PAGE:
A new permanent biomethane gas filling station has been opened in Bristol to fuel buses on the city’s m1 metrobus route
Located at the Bristol Community Transport (BCT) depot in Bedminster, the filling station represents a £960,000 investment by the route’s operator, First West of England with support from the Low Emission Bus Fund run by OLEV.
It was officially opened by West of England mayor, Tim Bowles, and Cllr Kye Dudd, Bristol City Council cabinet member for energy and transport.
Cllr Bowles said, “It’s great to see this new gas bus filling station open, as part of our aim to help reduce congestion, improve air quality and keep people moving. It supports my ambition to improve public transport in the region, giving people more sustainable ways to travel.
“More than 70,000 people now choose to use metrobus every week and a recent passenger survey shows a 19% shift from car to metrobus. We plan to build on that success with more services and better connections as part of our wider objective of getting more people to switch to using public transport across the West of England.”
The opening of the new station on 1 July, also attended by Bristol Community Transport Chief Executive Dai Powell and First West of England’s Managing Director James Freeman, marks the end of a temporary filling station which had been installed at the Bedminster depot and had been fuelling the fleet since it came in to service in January 2019.
A major investment by First West of England will see 77 new, state-of-the-art, bio-methane buses hitting the city’s streets in the coming months.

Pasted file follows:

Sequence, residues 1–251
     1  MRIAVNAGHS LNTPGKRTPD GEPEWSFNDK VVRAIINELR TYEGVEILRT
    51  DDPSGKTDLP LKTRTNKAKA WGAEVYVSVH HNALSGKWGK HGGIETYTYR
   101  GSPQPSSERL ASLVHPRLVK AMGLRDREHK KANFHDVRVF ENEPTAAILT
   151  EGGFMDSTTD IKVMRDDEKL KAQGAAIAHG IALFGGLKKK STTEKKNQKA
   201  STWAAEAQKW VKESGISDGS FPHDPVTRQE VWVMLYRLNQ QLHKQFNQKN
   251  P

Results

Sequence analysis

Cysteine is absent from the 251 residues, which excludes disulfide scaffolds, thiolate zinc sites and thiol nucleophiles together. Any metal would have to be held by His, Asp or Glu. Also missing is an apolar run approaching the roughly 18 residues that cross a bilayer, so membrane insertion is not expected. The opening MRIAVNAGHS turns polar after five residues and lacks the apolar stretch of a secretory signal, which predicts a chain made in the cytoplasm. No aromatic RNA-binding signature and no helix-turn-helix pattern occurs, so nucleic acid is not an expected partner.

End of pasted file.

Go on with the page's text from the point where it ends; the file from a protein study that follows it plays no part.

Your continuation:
James Freeman, managing director of First West of England said, “At First West of England, we’re taking meaningful steps to clean up the city’s air. That’s why we’re making significant investments to bring a fleet of bio-methane gas buses into Bristol, building on the legacy of the famous ‘poo bus’. The metrobus m1 route is paving the way and this new filling station means that bio-methane gas buses will now be a permanent feature in the city. With 77 more bio-methane gas buses and another even bigger filling station coming to Bristol soon, Bristol could soon be the country’s Bio-methane gas bus capital!”
The biogas that fuels the buses is provided by the Gas Bus Alliance (GBA) and comes from waste food and is supplied from anaerobic digesters across the UK. Bio-methane gas offers a more than 80% reduction in greenhouse gases and a 95% reduction in Nitrogen Oxides compared to older diesel buses and helps to improve air quality. These new buses build on the legacy of the Bristol Poo bus, which was run on the Number 2 route around Bristol while the city held the European Green Capital title in 2015.